Topics » Food Sustainability » Escaping Agricultural Sacrifice Zones
T. Colin Campbell Center for Nutrition Studies

Industrial agriculture is turning the entire planet into a sacrifice zone, and we must act now to rectify the environmental impacts of food production.

The term sacrifice zone was coined during the Cold War to articulate the impact of nuclear testing. These were areas so damaged and devastated by nuclear radiation that they were deemed unfit for life. As time progressed, the term began to take on new meanings; by and large, it has referred to areas cataclysmically altered by human actions, including the production of nuclear weapons, fossil fuels, mining operations, and other industrial processes with high pollution rates.

Though we do not see or discuss them as often, the outsized environmental impacts of industrialized agriculture belong in the same category, producing sacrifice zones at such a large scale that they dwarf all other industries. That is because of industrialized agriculture’s ever-expanding economies of scale, which require large-scale monocultures to stay relevant on the world stage. These monocultures lack biodiversity and leave soils in a weakened state, creating a reliance on artificial fertilizers. In turn, monocultures built on weakened soils are more vulnerable to pests and diseases, and therefore they require poisonous pesticides that further weaken the soil food web.

This is a self-reinforcing loop of death: agricultural zones (and those downstream and downwind) become sacrifice zones.

Agricultural Sacrifice Zones

Global changes in land use reflect the impact of agriculture on the environment. Worldwide, agriculture accounts for just over 50 percent of all habitable land usage. Over 51 million square kilometers have been transitioned from natural habitat to agricultural land. This has fueled 90 percent of deforestation worldwide and remains the leading cause of deforestation in the Amazon.

This habitat loss has led to the near collapse of many ecosystems. We have lost roughly 68 percent of global biodiversity since 1970—a catastrophic decline with potentially huge ramifications—and agriculture and aquaculture are the prevailing threat to 85 percent of the species currently under threat of extinction globally.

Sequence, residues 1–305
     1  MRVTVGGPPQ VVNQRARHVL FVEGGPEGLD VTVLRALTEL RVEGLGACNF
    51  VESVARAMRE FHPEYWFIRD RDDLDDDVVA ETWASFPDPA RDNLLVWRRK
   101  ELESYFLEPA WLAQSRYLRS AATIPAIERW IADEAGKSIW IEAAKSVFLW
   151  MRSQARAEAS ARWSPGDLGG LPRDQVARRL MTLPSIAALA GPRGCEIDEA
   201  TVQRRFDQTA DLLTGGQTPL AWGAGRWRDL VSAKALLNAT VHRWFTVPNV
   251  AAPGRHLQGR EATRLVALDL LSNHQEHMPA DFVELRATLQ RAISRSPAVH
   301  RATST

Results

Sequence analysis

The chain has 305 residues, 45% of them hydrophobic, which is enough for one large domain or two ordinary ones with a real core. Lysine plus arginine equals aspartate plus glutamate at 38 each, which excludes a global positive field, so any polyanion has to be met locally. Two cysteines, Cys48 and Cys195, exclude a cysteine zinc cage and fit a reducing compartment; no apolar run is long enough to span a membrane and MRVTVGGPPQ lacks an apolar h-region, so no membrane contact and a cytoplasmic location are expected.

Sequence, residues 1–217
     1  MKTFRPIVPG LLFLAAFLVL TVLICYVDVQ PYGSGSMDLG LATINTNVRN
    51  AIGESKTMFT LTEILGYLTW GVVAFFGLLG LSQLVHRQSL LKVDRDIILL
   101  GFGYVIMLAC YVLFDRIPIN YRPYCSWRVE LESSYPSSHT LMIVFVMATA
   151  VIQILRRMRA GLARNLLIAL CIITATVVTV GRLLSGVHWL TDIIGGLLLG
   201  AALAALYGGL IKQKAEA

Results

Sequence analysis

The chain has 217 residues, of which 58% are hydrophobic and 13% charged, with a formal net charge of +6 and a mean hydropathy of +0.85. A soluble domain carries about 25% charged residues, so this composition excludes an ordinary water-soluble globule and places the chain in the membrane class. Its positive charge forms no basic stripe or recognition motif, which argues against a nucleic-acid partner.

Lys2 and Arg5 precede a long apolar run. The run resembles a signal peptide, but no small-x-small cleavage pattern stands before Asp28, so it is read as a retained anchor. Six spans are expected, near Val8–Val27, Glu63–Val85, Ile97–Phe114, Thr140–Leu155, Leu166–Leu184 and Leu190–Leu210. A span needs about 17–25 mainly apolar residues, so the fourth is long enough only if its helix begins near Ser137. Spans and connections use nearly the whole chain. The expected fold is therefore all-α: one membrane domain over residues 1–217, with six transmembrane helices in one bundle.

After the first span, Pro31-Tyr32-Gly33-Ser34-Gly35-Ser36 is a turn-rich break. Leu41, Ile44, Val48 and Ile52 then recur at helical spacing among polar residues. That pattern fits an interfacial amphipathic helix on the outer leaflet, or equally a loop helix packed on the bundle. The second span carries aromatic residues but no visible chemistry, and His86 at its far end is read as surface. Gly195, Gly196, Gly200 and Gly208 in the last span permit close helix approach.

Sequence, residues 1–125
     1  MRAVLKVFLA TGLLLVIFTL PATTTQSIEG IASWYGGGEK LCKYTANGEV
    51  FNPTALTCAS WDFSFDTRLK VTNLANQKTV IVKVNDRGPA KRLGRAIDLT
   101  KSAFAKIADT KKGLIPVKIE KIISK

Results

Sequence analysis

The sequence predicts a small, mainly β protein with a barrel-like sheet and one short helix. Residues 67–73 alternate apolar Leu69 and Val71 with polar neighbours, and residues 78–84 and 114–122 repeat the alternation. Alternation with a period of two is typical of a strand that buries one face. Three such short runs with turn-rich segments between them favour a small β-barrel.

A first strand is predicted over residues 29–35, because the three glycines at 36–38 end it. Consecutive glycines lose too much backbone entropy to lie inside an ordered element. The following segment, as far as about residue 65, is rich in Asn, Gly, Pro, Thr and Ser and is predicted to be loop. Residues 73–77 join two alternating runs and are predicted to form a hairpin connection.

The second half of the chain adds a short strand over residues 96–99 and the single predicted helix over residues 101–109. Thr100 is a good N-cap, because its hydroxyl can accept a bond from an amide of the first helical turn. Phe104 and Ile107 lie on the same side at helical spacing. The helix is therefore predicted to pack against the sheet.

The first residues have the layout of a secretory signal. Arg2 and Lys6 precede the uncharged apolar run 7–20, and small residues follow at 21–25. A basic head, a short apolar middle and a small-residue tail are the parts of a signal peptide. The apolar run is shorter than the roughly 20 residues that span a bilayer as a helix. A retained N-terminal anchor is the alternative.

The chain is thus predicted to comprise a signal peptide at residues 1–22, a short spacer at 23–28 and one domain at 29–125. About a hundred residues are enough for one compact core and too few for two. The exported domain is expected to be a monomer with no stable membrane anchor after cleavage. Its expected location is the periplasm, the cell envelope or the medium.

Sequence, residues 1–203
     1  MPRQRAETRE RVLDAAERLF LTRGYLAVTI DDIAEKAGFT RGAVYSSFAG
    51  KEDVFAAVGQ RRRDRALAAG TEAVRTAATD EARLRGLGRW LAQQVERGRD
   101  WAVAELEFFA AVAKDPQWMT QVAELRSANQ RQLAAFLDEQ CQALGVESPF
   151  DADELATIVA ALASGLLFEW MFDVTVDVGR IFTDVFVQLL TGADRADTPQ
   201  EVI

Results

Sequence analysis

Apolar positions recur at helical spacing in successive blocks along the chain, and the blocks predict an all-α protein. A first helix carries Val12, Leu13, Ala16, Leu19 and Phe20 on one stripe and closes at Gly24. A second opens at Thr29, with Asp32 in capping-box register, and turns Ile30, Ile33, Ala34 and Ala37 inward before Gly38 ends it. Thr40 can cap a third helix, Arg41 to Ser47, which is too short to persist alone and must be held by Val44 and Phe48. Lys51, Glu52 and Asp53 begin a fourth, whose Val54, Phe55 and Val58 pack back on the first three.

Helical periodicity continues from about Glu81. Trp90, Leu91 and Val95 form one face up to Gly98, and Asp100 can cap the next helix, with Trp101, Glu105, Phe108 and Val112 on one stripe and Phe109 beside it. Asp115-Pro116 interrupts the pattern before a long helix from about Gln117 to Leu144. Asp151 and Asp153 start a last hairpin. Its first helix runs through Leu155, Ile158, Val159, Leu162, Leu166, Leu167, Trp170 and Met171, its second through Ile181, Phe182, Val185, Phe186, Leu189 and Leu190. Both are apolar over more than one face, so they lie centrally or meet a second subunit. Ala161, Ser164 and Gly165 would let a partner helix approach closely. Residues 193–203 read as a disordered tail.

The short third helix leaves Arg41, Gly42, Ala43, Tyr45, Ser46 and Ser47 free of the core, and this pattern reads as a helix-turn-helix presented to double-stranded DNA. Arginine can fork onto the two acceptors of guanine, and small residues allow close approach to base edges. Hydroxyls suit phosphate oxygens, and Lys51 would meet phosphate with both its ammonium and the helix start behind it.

This devastation is not limited to terrestrial ecosystems. Fertilizer runoff has contributed to ballooning oceanic dead zones—perhaps the aptest example of sacrifice zones. Nearly 80 percent of eutrophication causing water pollution is due to agricultural runoff, which creates low-oxygen environments in which life cannot survive. There are some 700 dead zones worldwide, the largest as of 2021 being 6,334 square miles in the Gulf of Mexico.[1]

And dead zones are only one example of how industrialized agriculture threatens ocean ecosystems. Of the 500 fish stocks monitored by the UN Food and Agriculture Organization, 35 percent are considered overfished today compared to only 10 percent in 1974.[2] The number of wild-caught fish plateaued in the mid-1980s, with increased fish production coming from aquaculture.

The Solution: Transitioning From Sacrifice to Regeneration

Though the threats posed to the environment by industrialized agriculture are daunting in their scale and implications, agricultural sacrifice zones need not exist, and we can return most agricultural land to its natural habitat without diminishing our capacity to feed the world’s growing population. We need to redefine agriculture, transitioning from agriculture as an act of extraction to agriculture as an act of conservation.

Agroecological practices that nurture plant and soil biodiversity can produce comparable yields without dangerous pesticides and toxic fertilizers. By incorporating long-living perennials and practicing no-till agriculture, we can rebuild soil diversity while sequestering atmospheric carbon.

We can also greatly reduce the land use requirements (currently 50 percent of all habitable land) by eliminating the inefficiencies at the heart of the food system, allowing for the reemergence of natural ecosystems. These inefficiencies are predominantly driven by livestock production. Although livestock accounts for only 18 percent of the global calorie supply, 77 percent of all land in agricultural production is used for grazing or growing livestock feed. That is over 39 million square kilometers for livestock alone, and it has an outsized contribution to climate change, biodiversity loss, and environmental degradation.

Escaping Agricultural Sacrifice Zones

If we change nothing—if we continue on the path of destruction wrought by industrialized agriculture—we ensure a sixth mass extinction. Humanity would be incapable of surviving this. As former NASA researcher and professor of mathematics, Dave Pruett recently observed, environmental degradation is so pervasive that, “we’re all in the sacrifice zone now.” Although it may not always gain as much attention as other industries, agriculture is at the heart of our slow march toward a global sacrifice zone. Unlike in the energy sector, where technological innovations will be required to transform how we power societies, the path for transitioning agricultural systems to be more efficient and in line with natural processes is clear-cut. We do not need to wait for innovations. We can begin this transition today. We, and our collective institutions, are the only obstacles.


  1. United Nations. The Second World Ocean Assessment: World Ocean Assessment II, Vol. I. (New York, 2021)
  2. Polidoro B, Melnychuk M. Five things you need to know about the state of the world’s fisheries – 2022. Marine Stewardship Council. July 5, 2022. Accessed December 16, 2022.,10%25%20of%20stocks%20in%201974

Copyright 2024 Center for Nutrition Studies. All rights reserved.

Program Overview

  • 23,000+ students
  • 100% online, learn at your own pace
  • No prerequisites
  • Continuing education credits